“When a policy exploits poor people, it is an elitist policy. When a policy exploits Black people, it is a racist policy. When a policy exploits Black poor people, the policy exploits at the intersection of elitist and racist policies—a policy intersection of class racism. When we racialize classes, support racist policies against those race-classes, and justify them by racist ideas, we are engaging in class racism. To be antiracist is to equalize the race-classes. To be antiracist is to root the economic disparities between the equal race-classes in policies, not people. Class racism is as ripe among White Americans—who castigate poor Whites as “White trash”—as it is in Black America, where racist Blacks degrade poor Blacks as “them niggers” who live in the ghetto. Constructs of “ghetto Blacks” (and “White trash”) are the most obvious ideological forms of class racism. Pathological people made the pathological ghetto, segregationists say. The pathological ghetto made pathological people, assimilationists say. To be antiracist is to say the political and economic conditions, not the people, in poor Black neighborhoods are pathological. Pathological conditions are making the residents sicker and poorer while they strive to survive and thrive, while they invent and reinvent cultures and behaviors that may be different but never inferior to those of residents in richer neighborhoods. But if the elite race-classes are judging the poor race-classes by their own cultural and behavioral norms, then the poor race-classes appear inferior. Whoever creates the norm creates the hierarchy and positions their own race-class at the top of the hierarchy.”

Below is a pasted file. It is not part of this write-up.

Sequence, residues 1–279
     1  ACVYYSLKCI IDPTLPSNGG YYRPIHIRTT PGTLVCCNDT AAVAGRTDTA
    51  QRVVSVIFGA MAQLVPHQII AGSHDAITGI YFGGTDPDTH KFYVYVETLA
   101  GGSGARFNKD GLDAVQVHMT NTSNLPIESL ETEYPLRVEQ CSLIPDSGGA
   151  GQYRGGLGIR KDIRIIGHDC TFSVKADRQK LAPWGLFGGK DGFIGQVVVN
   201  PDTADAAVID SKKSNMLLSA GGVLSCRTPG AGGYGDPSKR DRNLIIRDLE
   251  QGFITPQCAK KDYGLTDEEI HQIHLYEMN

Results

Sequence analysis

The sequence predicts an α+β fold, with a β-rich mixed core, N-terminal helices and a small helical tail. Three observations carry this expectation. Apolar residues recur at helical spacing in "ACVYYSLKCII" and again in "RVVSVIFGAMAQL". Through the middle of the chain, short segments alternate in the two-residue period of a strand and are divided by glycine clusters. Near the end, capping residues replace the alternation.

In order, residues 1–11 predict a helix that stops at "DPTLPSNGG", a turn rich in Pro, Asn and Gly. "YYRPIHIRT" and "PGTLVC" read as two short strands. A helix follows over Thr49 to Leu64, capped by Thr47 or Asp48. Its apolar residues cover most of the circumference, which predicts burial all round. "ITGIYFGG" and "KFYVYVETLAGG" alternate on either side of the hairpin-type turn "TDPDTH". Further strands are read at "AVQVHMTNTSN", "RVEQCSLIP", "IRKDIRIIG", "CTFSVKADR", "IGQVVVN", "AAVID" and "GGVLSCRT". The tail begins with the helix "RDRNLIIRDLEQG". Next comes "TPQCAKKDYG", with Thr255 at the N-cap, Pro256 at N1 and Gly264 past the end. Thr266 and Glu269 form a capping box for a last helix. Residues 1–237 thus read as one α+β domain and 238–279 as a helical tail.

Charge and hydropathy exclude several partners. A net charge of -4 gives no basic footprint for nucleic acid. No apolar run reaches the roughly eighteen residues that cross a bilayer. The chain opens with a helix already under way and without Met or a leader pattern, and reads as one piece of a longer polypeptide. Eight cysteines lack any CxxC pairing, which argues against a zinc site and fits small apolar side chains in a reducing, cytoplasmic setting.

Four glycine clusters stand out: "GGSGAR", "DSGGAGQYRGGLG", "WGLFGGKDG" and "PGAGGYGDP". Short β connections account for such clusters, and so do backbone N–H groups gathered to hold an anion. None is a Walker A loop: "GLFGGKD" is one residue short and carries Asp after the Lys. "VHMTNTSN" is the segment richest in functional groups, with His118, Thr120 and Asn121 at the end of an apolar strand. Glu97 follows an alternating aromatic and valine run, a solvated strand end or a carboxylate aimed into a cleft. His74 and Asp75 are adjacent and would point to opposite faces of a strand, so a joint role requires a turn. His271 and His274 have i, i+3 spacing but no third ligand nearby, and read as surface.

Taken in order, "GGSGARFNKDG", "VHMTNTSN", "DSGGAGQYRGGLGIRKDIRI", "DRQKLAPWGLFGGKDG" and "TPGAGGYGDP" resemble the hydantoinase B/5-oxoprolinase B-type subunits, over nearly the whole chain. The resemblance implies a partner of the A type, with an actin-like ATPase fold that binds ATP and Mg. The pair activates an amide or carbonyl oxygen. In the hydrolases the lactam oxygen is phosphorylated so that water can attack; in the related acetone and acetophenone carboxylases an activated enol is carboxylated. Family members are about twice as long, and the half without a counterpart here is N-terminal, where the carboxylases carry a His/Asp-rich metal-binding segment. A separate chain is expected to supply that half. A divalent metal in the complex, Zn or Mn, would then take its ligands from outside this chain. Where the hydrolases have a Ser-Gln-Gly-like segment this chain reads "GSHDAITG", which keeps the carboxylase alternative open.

“Something was making poor people poor, according to this idea. And it was welfare. Welfare “transforms the individual from a dignified, industrious, self-reliant spiritual being into a dependent animal creature without his knowing it,” U.S. senator Barry Goldwater wrote in The Conscience of the Conservative in 1960. Goldwater and his ideological descendants said little to nothing about rich White people who depended on the welfare of inheritances, tax cuts, government contracts, hookups, and bailouts. They said little to nothing about the White middle class depending on the welfare of the New Deal, the GI Bill, subsidized suburbs, and exclusive White networks. Welfare for middle- and upper-income people remained out of the discourse on “handouts,” as welfare for the Black poor became the true oppressor in the conservative version of the oppression-inferiority thesis. “The evidence of this failure is all around us,” wrote Heritage Foundation president Kay Coles James in 2018. “Being black and the daughter of a former welfare recipient, I know firsthand the unintended harm welfare has caused.””